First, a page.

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John G. Wright

Masses Alone Will Win
Independence for India

Ghandi [sic!], Nehru Are Incapable of Leading
Successful Struggle Against Imperialism

(25 April 1942)

From The Militant, Vol. 6 No. 17, 25 April 1942, p. 5.
Transcribed & marked up by Einde O’Callaghan for the Encyclopaedia of Trotskyism On-Line (ETOL).

Can the Indian bourgeoisie, led by Gandhi, Nehru and other spokesmen of the All-India Congress Party, be entrusted with the leadership of the struggle against British imperialism? The outcome of India’s struggle in the next period hinges upon the way in which Indian peasants and workers answer this question.

There are fundamental reasons why the Indian bourgeoisie Is incapable of conducting a genuine struggle for emancipation. The political unreliability of the present leadership flows from the economic relationships within the country.

British capitalism is the dominant power in India today not only politically but economically. The bulk of India’s national debt is held by British investors. Similarly, in British hands is more than half of the capital in industrial, mining and transport enter prises and almost two-thirds of the capital in banks, insurance companies, plantations and commerce. India’s foreign trade if almost completely controlled by Britain. Only 13 percent of ships engaged in coastal traffic and 2 per cent of those in oceanic trade are now owned by Indian companies. This means that India can gain real freedom only by breaking the British stranglehold on her economy.

But the Indian capitalists will never dare to accomplish this in the one way it can really be accomplished, namely, by leading a movement to expropriate British holdings. Such a movement would immediately confront them with the threat of their own expropriation by the Indian workers and peasants. Small capitalists must always submit to big ones. So long as British capitalists remain dominant in India, the native capitalists would have to obey – as they have in the past – the dictates and desires of their superiors.

Therefore, even if India were to gain her political independence through negotiations under the leadership of the native capitalists, her freedom would be merely a formal one. India would still remain in British bondage because of the overwhelming predominance of British capital in the most vital spheres of the country’s economic life.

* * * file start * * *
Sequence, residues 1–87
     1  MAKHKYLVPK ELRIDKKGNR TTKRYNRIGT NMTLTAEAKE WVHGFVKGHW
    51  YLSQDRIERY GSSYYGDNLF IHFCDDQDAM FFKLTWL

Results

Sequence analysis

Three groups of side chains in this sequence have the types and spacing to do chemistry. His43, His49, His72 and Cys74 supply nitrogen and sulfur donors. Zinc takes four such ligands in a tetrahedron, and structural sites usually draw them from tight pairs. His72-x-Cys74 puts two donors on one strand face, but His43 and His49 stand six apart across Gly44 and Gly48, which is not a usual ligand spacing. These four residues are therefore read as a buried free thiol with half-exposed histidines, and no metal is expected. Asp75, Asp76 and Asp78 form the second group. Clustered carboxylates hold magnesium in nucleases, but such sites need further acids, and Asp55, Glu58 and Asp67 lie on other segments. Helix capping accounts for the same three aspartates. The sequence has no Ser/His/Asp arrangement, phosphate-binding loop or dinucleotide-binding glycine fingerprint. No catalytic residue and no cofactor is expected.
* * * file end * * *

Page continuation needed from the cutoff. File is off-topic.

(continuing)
This economic subservience of the Indian bourgeoisie has resulted in still another crucial development. For lack of fields of investment, a large part of native capital has gone into land, or more correctly, into the purchase of feudal rights to land. Because of this, the native capitalists find themselves tied directly with the mortal enemies of the peasantry, i.e., the feudal princes whose rule, in turn, depends upon British bayonets. It is Impossible, however, to conduct a determined struggle for independence without rousing the peasants who constitute the bulk of the population.

Yet the program of the All-India Congress Party for the peasantry is Gandhi’s program: to democratize the existing feudal autocracies by “representative governments in the native states under the aegis of the ruling princes.” Such a “democracy” is democracy in words only. It would leave the peasants in exactly the same intolerable conditions as under the British rule, with this difference, that the native bourgeoisie would replace the existing British bureaucracy. Such a program can serve to strangle a struggle but never to unfold it. But once again the native capitalists dare not offer another for fear of losing an important part of their investments.

Because of these basic reasons the Indian workers and peasants can place no confidence whatever in the leadership of the Indian bourgeoisie. That is why we warn the Indian masses that the cause of then country’s independence is gravely endangered so long as it remains in the hands of the present leadership. India’s salvation can be gained only by the self-action of the peasants and workers themselves on the basis of a program which will guarantee land to the peasantry, safeguard the rights of workers, and free the country politically and economically from British domination.


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